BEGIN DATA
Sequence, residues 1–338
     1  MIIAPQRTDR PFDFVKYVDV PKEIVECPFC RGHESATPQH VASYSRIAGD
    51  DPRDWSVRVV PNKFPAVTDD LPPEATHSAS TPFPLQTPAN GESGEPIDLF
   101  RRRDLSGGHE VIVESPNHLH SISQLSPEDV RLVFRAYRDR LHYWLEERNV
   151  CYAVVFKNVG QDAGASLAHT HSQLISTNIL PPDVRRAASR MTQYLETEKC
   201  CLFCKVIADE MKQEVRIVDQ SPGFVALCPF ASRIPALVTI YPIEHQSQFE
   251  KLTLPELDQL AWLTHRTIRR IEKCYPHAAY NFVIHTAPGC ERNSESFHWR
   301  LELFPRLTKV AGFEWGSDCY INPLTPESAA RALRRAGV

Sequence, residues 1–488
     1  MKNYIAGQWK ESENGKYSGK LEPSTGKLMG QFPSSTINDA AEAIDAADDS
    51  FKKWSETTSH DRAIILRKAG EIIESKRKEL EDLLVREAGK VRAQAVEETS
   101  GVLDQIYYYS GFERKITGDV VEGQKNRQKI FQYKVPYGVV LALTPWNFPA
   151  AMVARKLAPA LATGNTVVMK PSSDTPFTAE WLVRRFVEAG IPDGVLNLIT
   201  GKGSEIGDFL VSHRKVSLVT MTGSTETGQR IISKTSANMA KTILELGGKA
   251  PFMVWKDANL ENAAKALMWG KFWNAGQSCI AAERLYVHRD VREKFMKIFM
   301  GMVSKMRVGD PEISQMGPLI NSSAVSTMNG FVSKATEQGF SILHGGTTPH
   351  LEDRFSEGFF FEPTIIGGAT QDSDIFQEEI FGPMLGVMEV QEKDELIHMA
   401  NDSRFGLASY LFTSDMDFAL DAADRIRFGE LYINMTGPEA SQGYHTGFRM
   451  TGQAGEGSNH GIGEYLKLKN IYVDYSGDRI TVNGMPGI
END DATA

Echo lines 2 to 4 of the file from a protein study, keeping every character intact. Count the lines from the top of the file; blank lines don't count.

     1  MIIAPQRTDR PFDFVKYVDV PKEIVECPFC RGHESATPQH VASYSRIAGD
    51  DPRDWSVRVV PNKFPAVTDD LPPEATHSAS TPFPLQTPAN GESGEPIDLF
   101  RRRDLSGGHE VIVESPNHLH SISQLSPEDV RLVFRAYRDR LHYWLEERNV